Improving how we give feedback

2016: Knowing how to give good feedback is something that most people have to learn to do and work hard at continually improving — it’s not something taught in schools or higher education. This year, we’ve put a lot of effort into building up a more regular feedback culture, coaching The Many in different techniques. We’re making sure that feedback is balanced, given directly to the person within as close a timeframe to the event as possible, that it’s as specific as possible with plenty of context and most importantly, that it’s constructive.

2017: A healthy feedback culture is an ongoing effort, a machine that needs constant tuning and occasional overhaul — we’ll continue to try new techniques around feedback, including an experiment with software-enabled real-time feedback (in a company as small as ours, this might feel weird, but we want to see if it works for our teams).

Fostering grassroots access to opportunity

2016: On the whole, our combined industry of design, technology and strategy (in the UK at least) sees fewer women and people of colour entering the talent pool — a situation that won’t be fixed overnight. So, we’re interested in doing what we can to create capabilities in young people who are interested in pursuing careers in our field. This year, we’ve worked with a number of programmes including School of Logical Progression’s ‘Meet a Mentor’, Next Tech Girls, Codebar, Creativity Works and of course our own summer internship programme.

2017: Continuing our collaboration with outreach programmes is core to our ambitions for the New Year, but we’ll also revise our internship programme for example with regards to the selection criteria; diversity will be a more active deciding factor next time around. (Note: Google shared their experiences of hiring the best candidates and the resultant performance of teams.)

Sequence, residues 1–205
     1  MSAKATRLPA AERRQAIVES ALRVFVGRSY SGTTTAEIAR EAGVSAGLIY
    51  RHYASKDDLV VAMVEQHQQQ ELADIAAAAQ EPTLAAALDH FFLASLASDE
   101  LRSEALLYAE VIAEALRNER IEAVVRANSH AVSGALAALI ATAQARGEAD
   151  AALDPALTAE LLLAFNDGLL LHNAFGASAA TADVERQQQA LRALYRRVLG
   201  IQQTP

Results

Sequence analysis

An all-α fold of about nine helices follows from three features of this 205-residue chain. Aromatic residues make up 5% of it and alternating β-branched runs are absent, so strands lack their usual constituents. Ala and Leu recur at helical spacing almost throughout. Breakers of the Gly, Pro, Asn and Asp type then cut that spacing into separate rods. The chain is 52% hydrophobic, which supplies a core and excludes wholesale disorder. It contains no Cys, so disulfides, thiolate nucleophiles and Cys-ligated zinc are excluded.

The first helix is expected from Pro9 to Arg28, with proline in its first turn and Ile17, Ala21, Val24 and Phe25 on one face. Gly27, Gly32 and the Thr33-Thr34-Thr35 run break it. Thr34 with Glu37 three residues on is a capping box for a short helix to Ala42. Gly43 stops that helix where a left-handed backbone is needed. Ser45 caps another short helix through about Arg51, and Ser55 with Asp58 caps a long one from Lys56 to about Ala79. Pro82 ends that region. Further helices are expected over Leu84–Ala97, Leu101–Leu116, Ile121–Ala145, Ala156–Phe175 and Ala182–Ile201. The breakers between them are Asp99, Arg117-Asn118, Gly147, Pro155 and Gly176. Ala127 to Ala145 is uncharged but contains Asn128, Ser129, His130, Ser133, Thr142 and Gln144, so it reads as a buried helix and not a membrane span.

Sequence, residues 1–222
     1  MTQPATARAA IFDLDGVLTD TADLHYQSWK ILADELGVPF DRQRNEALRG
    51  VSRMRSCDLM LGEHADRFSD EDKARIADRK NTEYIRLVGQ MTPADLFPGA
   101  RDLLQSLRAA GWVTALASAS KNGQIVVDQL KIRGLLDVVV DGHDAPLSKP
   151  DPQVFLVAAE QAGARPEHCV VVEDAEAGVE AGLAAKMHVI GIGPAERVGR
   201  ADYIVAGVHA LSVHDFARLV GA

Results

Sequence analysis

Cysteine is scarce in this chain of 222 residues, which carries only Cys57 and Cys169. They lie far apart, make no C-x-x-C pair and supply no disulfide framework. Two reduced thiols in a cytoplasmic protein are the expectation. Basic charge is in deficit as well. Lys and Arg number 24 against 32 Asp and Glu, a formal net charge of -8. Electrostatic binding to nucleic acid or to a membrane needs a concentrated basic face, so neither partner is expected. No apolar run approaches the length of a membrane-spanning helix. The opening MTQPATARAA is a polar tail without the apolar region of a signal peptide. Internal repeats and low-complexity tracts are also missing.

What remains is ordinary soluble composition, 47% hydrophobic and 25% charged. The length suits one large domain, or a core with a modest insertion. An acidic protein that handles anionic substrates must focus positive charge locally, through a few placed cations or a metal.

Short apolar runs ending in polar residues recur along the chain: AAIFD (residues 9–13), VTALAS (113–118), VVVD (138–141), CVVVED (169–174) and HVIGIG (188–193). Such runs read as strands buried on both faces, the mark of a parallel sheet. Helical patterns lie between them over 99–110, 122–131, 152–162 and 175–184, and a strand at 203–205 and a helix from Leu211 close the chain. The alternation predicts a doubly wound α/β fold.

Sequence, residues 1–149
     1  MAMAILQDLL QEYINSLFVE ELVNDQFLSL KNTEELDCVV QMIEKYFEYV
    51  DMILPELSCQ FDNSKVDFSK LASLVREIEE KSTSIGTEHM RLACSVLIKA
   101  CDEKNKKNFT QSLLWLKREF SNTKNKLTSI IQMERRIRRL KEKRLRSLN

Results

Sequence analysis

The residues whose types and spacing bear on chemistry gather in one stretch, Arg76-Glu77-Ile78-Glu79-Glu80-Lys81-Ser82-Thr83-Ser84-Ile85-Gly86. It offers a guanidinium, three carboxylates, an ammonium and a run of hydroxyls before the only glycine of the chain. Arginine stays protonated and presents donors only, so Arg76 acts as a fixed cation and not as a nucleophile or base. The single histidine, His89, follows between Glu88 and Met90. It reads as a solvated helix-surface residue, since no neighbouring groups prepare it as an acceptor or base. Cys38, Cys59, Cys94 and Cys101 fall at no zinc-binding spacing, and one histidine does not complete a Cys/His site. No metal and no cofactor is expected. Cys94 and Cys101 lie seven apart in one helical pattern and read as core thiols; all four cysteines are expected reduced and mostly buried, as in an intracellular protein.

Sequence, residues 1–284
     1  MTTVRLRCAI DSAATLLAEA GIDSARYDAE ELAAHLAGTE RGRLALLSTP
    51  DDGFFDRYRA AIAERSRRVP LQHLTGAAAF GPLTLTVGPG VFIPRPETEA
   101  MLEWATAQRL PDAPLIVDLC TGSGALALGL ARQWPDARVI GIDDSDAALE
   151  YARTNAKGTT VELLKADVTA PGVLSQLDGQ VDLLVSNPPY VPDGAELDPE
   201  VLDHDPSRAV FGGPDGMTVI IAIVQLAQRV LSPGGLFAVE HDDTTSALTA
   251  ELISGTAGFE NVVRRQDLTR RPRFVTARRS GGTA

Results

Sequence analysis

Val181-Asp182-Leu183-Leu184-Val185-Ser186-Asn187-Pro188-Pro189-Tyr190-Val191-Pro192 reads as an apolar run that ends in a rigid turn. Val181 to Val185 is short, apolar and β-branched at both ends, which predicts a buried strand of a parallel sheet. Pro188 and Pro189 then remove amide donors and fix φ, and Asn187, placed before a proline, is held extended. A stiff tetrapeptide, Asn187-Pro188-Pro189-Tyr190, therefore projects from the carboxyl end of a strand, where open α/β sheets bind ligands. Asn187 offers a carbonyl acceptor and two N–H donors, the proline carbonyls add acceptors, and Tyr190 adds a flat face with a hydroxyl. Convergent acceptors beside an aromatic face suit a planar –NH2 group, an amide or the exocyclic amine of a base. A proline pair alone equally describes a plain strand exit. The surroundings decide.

Engendering a learning culture

2016: This year we’ve started experimenting with mob programming, increased cross-team knowledge transfer, sharing outcomes and generally geared ourselves up to be amore finely attuned Learning Organisation. Individual learning goals are set at shorter intervals than before, tied more closely to projects and broader business objectives. We’ve baked this into our day to day process to make it part and parcel of how we operate.

2017: Individual and team learning will remain at the heart of all we do, in a supportive, honest and open environment that best facilitates learning. By making people feel comfortable to share uncertainties, we are giving each other the opportunities to learn and teach in turns, which wonderfully builds the confidence of everyone.

The robots haven’t taken over yet, so here’s to 2017 and the growth of the empathic power of The Many (that’s everyone).

Thanks to Melissa for contributions to this post and an indefatigable dedication to driving diversity at Made by Many forward.

Charlotte Hillenbrand

Charlotte Hillenbrand

Charlotte heads up Learning and Development at Made by Many. She is interested in Learning Organisations and the role they play in digital transformation, growing talent and happiness at work. She's responsible for delivering our Professional Development programme and learning initiatives.

With a digital career as old as Youtube, Charlotte has worked with clients from the media, entertainment, culture, sport, automotive, FMCG and charity sectors. Previously, she worked in book publishing and the business behind product design and repackaging.

In real life, she bears no resemblance to Charles II but she does have big hair.